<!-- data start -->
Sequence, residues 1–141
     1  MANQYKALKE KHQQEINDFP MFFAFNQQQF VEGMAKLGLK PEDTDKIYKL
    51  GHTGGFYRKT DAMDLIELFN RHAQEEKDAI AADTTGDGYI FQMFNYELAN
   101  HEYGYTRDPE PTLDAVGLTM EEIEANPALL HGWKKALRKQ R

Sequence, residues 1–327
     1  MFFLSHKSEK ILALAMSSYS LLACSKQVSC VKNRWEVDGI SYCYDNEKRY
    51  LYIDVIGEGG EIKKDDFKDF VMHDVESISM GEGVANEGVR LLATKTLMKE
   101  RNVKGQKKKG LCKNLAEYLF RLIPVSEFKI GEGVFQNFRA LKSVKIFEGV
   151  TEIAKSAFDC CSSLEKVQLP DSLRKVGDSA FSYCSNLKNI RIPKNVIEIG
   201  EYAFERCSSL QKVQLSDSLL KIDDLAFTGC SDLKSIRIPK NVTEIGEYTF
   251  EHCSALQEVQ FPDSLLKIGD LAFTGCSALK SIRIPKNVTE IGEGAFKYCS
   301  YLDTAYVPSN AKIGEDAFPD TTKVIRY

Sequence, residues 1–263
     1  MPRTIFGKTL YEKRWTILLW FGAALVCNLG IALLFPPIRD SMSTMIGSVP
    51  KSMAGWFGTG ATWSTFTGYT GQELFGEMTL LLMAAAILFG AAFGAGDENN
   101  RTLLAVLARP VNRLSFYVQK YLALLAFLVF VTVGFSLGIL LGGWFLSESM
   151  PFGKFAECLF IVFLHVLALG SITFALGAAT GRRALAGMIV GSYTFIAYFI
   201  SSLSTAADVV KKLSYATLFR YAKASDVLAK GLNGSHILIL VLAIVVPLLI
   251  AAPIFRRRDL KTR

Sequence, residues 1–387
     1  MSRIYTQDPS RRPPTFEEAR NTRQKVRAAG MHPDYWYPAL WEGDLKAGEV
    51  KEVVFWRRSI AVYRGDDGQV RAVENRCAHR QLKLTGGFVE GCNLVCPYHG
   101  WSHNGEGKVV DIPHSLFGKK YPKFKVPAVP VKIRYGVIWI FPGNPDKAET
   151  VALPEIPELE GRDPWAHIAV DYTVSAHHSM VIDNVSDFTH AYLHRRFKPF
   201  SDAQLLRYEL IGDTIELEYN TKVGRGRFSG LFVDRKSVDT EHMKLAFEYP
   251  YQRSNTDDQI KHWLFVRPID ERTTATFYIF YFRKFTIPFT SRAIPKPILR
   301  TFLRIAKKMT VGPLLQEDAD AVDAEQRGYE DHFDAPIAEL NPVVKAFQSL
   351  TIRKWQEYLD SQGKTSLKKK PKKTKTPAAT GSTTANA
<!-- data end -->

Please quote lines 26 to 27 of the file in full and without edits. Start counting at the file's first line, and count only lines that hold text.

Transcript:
   251  YQRSNTDDQI KHWLFVRPID ERTTATFYIF YFRKFTIPFT SRAIPKPILR
   301  TFLRIAKKMT VGPLLQEDAD AVDAEQRGYE DHFDAPIAEL NPVVKAFQSL